Unified Architecture – Uncomplicated Method to Build Full- Stack Applications

Image by William Iven from Pixabay

Well- built applications are hard to find because they are hard to be made in the first place. A lot of different steps are involved in the design process and even if you do follow all of the processes, different types of drawbacks will appear anyway.

Compromise is the keyword we need to follow when it comes to designing an application. Besides that we need to stick to the six fundamental layers: data access, backend model, API server, API client, frontend model, and user interface.

By following the six layers one can achieve greatness but there are a lot of drawbacks as previously mentioned. Somewhere, the elements inside the module won’t be in order while somewhere the lack of simplicity will be visible.

Why is this a big problem? Well, the answer is very simple. Developers generally build every one of the applications differently and treat every one of it as a different sphere. This is why even after the implementation of the layers; a lot of difficulties are coming out on the surface.

First, each is built differently and cannot communicate easily between one another. Second, to connect them all you will need a code, and remember, after doing this, the domain model will duplicate everywhere on the stack. Thanks to it, the development of agility will be wretched and hurt.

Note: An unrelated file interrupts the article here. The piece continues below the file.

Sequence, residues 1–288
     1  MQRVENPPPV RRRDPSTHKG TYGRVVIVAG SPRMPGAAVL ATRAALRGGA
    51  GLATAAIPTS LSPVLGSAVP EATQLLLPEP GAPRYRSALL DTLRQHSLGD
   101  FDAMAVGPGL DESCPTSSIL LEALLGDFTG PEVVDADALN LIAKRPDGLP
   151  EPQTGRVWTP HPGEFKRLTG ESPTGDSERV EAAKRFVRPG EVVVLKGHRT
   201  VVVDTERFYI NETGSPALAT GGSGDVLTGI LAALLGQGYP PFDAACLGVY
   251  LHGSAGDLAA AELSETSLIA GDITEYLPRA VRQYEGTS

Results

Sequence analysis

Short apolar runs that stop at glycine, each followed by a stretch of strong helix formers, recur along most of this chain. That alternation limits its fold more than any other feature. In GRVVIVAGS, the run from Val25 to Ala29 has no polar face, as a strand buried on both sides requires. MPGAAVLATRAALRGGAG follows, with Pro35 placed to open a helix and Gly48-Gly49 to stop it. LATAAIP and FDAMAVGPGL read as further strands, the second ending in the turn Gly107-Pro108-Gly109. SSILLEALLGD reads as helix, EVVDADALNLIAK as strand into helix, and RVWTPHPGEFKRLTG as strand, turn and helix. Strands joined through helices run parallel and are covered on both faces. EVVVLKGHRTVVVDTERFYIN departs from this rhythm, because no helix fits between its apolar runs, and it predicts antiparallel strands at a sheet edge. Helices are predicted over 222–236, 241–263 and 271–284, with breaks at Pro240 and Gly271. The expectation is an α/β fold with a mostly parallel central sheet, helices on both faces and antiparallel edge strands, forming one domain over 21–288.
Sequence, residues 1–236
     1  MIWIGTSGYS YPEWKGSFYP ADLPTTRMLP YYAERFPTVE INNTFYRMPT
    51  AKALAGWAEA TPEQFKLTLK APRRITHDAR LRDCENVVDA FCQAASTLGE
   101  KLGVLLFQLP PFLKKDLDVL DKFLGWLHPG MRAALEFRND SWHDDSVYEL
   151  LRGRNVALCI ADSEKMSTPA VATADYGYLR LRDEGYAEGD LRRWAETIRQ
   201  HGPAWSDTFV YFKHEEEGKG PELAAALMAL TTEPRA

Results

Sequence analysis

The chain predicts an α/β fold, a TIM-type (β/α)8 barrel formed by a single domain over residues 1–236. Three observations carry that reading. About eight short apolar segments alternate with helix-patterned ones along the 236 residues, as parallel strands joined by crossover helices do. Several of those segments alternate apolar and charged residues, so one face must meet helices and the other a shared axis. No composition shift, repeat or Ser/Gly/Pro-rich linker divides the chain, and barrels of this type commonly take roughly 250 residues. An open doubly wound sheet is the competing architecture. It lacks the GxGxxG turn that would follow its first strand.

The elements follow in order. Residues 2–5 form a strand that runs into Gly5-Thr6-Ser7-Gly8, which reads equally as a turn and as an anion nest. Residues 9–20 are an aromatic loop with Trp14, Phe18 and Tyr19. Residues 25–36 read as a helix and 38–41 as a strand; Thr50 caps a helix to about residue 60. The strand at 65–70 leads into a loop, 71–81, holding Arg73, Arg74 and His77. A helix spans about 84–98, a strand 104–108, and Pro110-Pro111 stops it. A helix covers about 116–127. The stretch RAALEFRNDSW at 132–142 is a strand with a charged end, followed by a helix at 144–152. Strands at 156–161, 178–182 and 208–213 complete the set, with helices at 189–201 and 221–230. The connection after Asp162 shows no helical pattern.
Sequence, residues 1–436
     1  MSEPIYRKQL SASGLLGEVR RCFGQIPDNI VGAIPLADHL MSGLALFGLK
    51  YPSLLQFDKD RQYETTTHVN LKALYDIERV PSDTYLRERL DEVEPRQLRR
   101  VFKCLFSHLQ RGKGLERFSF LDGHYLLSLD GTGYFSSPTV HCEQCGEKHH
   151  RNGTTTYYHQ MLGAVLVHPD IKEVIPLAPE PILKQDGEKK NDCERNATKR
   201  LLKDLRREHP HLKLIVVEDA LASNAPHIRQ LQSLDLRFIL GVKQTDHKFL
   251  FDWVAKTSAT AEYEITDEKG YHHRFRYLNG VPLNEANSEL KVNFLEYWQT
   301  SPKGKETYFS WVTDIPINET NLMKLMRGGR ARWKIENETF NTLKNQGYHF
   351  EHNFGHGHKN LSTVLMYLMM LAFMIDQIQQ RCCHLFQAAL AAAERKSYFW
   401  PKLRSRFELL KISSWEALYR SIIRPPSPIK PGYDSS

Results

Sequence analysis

Let’s look at the bright side for a moment because there is a way out of this mess after all. It is true that all of the layers must be physically separated however there is no need for them to be separated in a logical manner.

When it comes to object-oriented programming, when inheritance is involved, there are classes that can be spotted in two ways. The first one is the physical way and the second is the logical way.
Use your imagination for a moment. There is class 2 that comes from class 1. Then, 1 and 2 can be spotted as two physical classes. When you put logic into this, you will see that logically they are not divided, and that class 1 can be perceived as a logical class that merges properties of class 1 with its own properties.

This is an important example because it represents the core of our solution. If we apply everything discussed above to the layer of the application, then the frontend will inherit from the backend. In this way, they become one logical layer. Additionally, this removes all the communication and sharing issues. It is important to mention that the whole backend won’t be fully exposed. It will expose only some of its methods and attributes.